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ADDITIONAL ’FRISCO MAIL NEWS

Sir Stafford Northcote made a speech in Glasgow on the 4th inst., in which he declared that the Egyptian war was Unnecessary, unjustifiable, and that it could have been avoided by a firm stand at the beginning. Henry George, correspondent of. the Irish World (New York) in Ireland, where he was arrested and detained some thirteen hours as a suspect, has written a letter to President Arthur, in which ha poses as an American martyr. It has created laughter in the Irish' circles in Ireland.

The closing of the Land League in America is regarded as a victory for Mr Gladstone’s Land Act. The agitation in Ireland will cease to be formidable the moment the American supply is cut off, John Bright is sharply attacked by the leading radical journals for declaring the Egyptian war unjust and unnecessary. It is even said that at the next election he "

will lose his seat for Birmingham, just as he lost his seat for Manchester at‘the Crimean war. It is rumored that ho will retire from public life at the end of] the year. •

The new steamer, Belguim, 4,000 tons burthen, built at Aberdeen for the American trade, wAs totally wrecked on her trial trip. Owing to the alarming increase in pauperism in the South of Ireland* the Dublin Union has taken the lead in* the proposal to send 1,000 able-bodied men and women to Canada, at a cost of L 7,000. A commercial traveller, named Brooks, was committed for trial at the Bow street Police Court on the 14th inst., for threatening to murder the Prince of Wales unless he received money from him.JThe threat was contained in a letter to Colonel Teesdale, the Prince’s equerry. The prisoner is considered to be insane. ~ By a despatch dated October ISlh it appears that a committe f, under General Sir Archibald Alison, appointed to report on the Channel tunnel, considers that the exit of the tunnel should be commanded by a fortress of the first class. The tunnel should be provided with a portcullis and with an arrangement for filling it for a sufficient space with itrespirable gaa, and that measures should be taken lor tfah demolishing of the land portion, for the temporary flooding of the . main tunnel, and also for its - total destruction by a mine. These arrangements ? should be controlled by separate parties, both inside and outside the commanding fortresq*. but when all this is done the committee wimit that it would be presumptuous to place absolute reliance upon even the moat comprehensive arrangements. The memoranda from Sir Garnet V\ olseley add the Duke of Cambridge are appended, to. the report, condemning the proposed tunnel in even stronger terms. The Times considers this report has settled the question of a channel tunnel adversely for a long time to come.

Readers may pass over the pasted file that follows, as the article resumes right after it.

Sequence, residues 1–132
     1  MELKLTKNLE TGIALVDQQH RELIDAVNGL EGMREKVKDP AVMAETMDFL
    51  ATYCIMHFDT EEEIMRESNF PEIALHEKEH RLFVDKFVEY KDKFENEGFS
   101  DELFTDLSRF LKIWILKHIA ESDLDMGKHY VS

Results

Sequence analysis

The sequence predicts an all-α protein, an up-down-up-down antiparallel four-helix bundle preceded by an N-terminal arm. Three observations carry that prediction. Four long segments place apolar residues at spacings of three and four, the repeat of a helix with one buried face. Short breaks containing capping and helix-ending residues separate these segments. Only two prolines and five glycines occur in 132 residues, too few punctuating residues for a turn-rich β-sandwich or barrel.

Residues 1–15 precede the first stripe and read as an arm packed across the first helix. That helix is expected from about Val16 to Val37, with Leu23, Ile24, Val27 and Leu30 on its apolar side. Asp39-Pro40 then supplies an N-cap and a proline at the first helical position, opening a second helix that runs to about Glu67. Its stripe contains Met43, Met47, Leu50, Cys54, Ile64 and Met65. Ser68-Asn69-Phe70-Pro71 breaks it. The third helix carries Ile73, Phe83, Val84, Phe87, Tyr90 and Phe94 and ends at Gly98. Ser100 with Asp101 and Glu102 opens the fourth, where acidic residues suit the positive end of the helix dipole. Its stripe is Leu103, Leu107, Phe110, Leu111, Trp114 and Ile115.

Bradlaugh has issued another address to the English people. He Bays, “la this Parliament I will sit,” but he does not say how he means to do it. An account of the first cremation which has taken place in England is published. The bodies were those of Lady Haosham and Mrs Hausham, who died in Dorset* shire in 1877 and 1876 respectively. Jl’hey both expressed a wish that their bodies should be cremated. The remains were kept in the mortuary house hnttP preparations for the process were completed, and on Sunday, the Bth instant, the remains, enclosed in substantial coffins, were placed in the furnace on plates of iron (sin) and reduced to ashes. In an enquiry held on October 12th into the murder of the Buddy’s, of Lough Mask, a farmer named Kerrigan and his wife testified that the elder Baddy was stunned with a stone as he was serving the papers, and he was then kicked j while an assassin from a cover fired into hia-Sody, killing him. The younger Buddy's* head was then dashed against a heap of stones, and he was afterwards shot in the presence of a crowd of vilbgers. _ Mr Gladstone reiterates the declaration that he is unable to interfere with the operations of the Mormons in England, as he presumes that the converts who go with them go willingly. r General William Bo ith, of the Salvhtion Army, London, has somewhat surprised and grieved the judicious by applying for a renewal of the dancing license of the Eagle Tavern. The magistrates refuied to consider it. Some of the general's recent exploits have not redounded to the Honor of the Salvation Army. 1 Stanley, the African explorer, returned to London on the 16th October. He considers the work he undertook on the Congo for the King of the Belgians cally finished, and he will not retittn to Africa for the present. The belief is current amongst Mr Gladstone’s friends that he intends' absolutely to retire to private life after the' aiitumn session. The Marquis of Hartington ia regarded as coming Premier. The Middlesex Magistrates caused a sensation in London by re-licensing the well-known Arpyle Booms. Miss Marie Prescott, a well-known actress, recently sued President Tousey, of the American News Company, 1 New York, for circulating a dramatic paper containing a libel against her character. She recovered 12,600 dots damages. Tousey had nothing to do with the libel further than selling the paper containing it with others in a business way. Three members of the Salvation Army were arressed in Calcutta, in order to prevent a street riot.

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Permanent link to this item

http://paperspast.natlib.govt.nz/newspapers/AG18821114.2.11

Bibliographic details

ADDITIONAL ’FRISCO MAIL NEWS, Ashburton Guardian, Volume IV, Issue 792, 14 November 1882

Word Count
905

ADDITIONAL ’FRISCO MAIL NEWS Ashburton Guardian, Volume IV, Issue 792, 14 November 1882

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